limited to
(9)
Let WMSE and WMSE* be the worst-case mean-square error between the
stego-image and the cover-image obtained by the simple LSB substitution
method and the proposed method with OPAP, respectively. According to
Eq. (9) WMSE* can be derived by
WMSE* (10)
Combining Eqs. (6) and (10), we have
WMSE*
WMSE when k
=1;
= (4/9)WMSE when k=2;
(16/49)WMSE when k=3;
(64/225)WMSE when k=4;
(11)

Equation (11) reveals that WMSE*<1/ 2 WMSE, for k 2; and WMSE*
(1/4) WMSE when k = 4. This result also shows that the WMSE* obtained
by the OPAP is better than that obtained by the optimal substitution
method proposed in Ref. [8] in which
WMSE* = (1/2) WMSE.
Moreover, the optimal pixel adjustment process only requires a checking
of the embedding error between the original cover-image and the stego-
image obtained by the simple LSB substitution method to form the final
stego-image. The extra computational cost is very small compared with
Wangâ„¢s method [8], which requires huge computation for the genetic
algorithm to find an optimal substitution matrix.
4. Experimental results
This section presents experimental results obtained for two cover-image
sets. The first set of cover-images consists of four standard grayscale
images, 'Lena', 'Baboon', 'Jet' and 'Scene', each of 512 ×512 pixels,
as depicted in fig. 1.

Fig 1. The first set cover images of size 512 512 pixels.
The second set consists of 1000 randomly generated grayscale
images. There are two set of secret messages. The first set of secret
message consists of 1000 randomly generated message of 512 × 512 × k
bits, where k refers to the number of LSBs in the cover image pixels
that are used to hold the secret data bits. For example, suppose that
the last two LSBs of the cover image pixels are used to hold the secret
data, then the secret data is of size 512 × 512 × 2 = 524 288 bits. The
second set consists of the reduced-sized images of the grayscale image
'Tiff' as shown in fig. 2.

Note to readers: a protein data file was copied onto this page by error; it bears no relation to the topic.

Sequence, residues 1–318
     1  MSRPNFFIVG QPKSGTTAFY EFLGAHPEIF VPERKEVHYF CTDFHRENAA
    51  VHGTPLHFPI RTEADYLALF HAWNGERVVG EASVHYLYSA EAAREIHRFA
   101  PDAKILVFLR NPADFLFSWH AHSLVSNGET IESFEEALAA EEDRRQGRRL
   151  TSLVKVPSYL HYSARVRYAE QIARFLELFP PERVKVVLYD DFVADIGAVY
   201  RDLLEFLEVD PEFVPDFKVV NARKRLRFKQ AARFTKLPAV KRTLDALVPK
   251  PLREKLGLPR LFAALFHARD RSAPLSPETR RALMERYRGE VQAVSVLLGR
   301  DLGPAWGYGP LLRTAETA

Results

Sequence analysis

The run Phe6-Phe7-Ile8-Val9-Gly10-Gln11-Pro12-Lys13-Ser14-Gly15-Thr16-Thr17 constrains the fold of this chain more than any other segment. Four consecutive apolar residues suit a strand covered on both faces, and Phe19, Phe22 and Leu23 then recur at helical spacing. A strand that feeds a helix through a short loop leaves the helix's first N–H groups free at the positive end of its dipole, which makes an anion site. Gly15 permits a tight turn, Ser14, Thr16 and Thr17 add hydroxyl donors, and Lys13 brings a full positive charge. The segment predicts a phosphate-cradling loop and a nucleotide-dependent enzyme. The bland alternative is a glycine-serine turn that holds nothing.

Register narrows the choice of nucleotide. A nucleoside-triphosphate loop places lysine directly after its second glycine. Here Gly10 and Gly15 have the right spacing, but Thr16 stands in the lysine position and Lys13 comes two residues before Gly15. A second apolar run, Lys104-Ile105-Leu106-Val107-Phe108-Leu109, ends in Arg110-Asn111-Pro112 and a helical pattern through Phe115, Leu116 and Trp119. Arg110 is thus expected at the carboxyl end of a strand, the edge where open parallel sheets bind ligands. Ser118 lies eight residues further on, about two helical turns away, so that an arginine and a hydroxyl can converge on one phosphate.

Fig 2. Test image used as second set of secret message.
The reduced-sized images are of size 512 × 256 pixels (for 4-bit
insertion), 384 × 256 pixels (for 3-bit insertion), 256 × 256 pixels
(for 2-bit insertion) and 256 × 128 pixels (for 1-bit insertion),
respectively. The results of embedding the first set of secret messages
into the first set of cover-images are listed in Table 2. Referring to
Table 2, the column labeled OPAP is our proposed Table 2, method with
the optimal pixel adjustment process; the column labeled LSB is the
simple LSB substitution method; and the column labeled OLSB in the
optimal LSB substitution method proposed in Ref. [8]. For the OPAP and
LSB methods, the obtained PSNR values are the average values of
embedding the 1000 sets random messages into the cover-images. For the
OLSB method, for k =1; 2, the obtained PSNR values are the average
values of embedding the 1000 sets random messages into the cover-
images, for k = 3, the obtained PSNR values are the average values of
embedding the 10 out of 1000 sets random messages into the cover-images
while for k = 4, no experiments are conducted due to the large number
of searching space for the optimal substitution matrix. The results
reveal that our proposed method has much better performance than the
LSB and OLSB methods for k =2-4.
The results of embedding the reduced-sized image of fig. 2 into the
first set of cover-images are listed in Table 3. The results also
reveal that our proposed method has much better performance than the
LSB and OLSB methods for k =2-4.
Table 4 also shows the percentage of
cover image pixels associated with the five cases:
Case 1 ( and
Case 2 and
Case 3
Case 4 and
Case 5 and (12)

Table 2.